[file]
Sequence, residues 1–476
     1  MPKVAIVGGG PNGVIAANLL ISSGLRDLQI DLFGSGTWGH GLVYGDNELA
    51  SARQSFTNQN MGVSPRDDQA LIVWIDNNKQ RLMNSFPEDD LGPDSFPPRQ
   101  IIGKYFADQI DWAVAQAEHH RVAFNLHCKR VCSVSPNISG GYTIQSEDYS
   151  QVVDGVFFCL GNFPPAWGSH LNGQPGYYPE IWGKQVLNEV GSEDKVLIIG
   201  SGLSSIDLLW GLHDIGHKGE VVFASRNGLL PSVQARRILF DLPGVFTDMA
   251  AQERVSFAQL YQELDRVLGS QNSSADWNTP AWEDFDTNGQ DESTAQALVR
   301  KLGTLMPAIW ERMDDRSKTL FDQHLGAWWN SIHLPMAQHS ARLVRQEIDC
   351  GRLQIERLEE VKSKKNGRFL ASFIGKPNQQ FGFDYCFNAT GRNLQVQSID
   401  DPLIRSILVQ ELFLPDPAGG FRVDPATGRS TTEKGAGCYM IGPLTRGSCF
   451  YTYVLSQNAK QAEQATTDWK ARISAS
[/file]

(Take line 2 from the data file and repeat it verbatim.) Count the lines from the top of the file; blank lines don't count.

     1  MPKVAIVGGG PNGVIAANLL ISSGLRDLQI DLFGSGTWGH GLVYGDNELA